Sometimes simple is best. Just take it from Tom Justice, a real-life bank robber who stole close to 130,000 dollars from 26 banks in Illinois, California, and Wisconsin over the course of four years.

Tom Justice would go to a bank alone, approach a teller, present a note saying this is a robbery, and walk out without a lot of fanfare—which, according to FBI statistics, is how most bank robberies happen. And unlike the previous two designers, Justice actually carried his out in real life.

The FBI called Justice the “Choir Boy Robber” because he always folded his hands and set them on the counter and kept his head slightly bowed.

Before his first few bank robberies, Justice practiced obsessively. His bicycle was his get-away vehicle, and so the first thing he’d do was figure out where he was going to leave the bike (unlocked) while he was inside robbing the bank. From there, he counted steps, observed police patterns and made notes for months before actually carrying through with the robbery.

In his last few robberies, Justice did less planning and stopped observing local police patterns. While leaving the scene of his last robbery, he was questioned by a police officer and had to ditch his custom-made racing bike and abscond on foot. They didn’t find Justice, but they found the bike, which they ultimately traced back to him. Tom Justice spent nine years in prison and was released in 2010.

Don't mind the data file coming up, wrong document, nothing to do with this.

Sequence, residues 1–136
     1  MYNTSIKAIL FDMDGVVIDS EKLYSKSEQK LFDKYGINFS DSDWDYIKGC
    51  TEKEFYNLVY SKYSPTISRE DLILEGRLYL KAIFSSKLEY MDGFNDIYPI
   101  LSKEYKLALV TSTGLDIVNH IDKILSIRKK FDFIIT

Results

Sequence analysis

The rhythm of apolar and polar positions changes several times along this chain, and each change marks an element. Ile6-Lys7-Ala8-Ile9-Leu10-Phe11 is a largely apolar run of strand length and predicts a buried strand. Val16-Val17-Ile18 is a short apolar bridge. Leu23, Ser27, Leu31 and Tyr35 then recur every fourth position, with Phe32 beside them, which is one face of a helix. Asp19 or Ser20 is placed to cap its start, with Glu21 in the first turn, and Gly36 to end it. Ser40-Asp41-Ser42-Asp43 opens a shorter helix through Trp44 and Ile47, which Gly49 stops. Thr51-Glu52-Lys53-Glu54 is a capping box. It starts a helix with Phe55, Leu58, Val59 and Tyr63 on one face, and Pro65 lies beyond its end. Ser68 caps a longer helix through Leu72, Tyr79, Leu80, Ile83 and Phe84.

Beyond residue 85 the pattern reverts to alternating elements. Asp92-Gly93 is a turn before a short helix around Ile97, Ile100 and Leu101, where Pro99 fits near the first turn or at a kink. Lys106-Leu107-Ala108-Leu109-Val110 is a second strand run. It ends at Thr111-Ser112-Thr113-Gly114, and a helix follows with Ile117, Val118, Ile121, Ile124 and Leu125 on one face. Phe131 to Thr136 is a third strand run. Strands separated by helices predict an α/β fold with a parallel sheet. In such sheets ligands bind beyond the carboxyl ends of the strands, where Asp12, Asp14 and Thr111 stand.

Everyone we interviewed for this story named Michael Mann's 1995 film Heat as their favorite heist movie. Justice said, “in prison, Heat is the No. 1 movie amongst convicts.”

In 1997 there was an actual robbery at a Bank of America that unfolded in a manner that seemed to some people (including artist Ilona Gaynor) to be suspiciously similar to the events in Heat. As in the movie, the heist ended in the “North Hollywood Shoot-Out,” a violent exchange of gunfire between the robbers and police.

To learn more, check out the 99% Invisible post or listen to the show.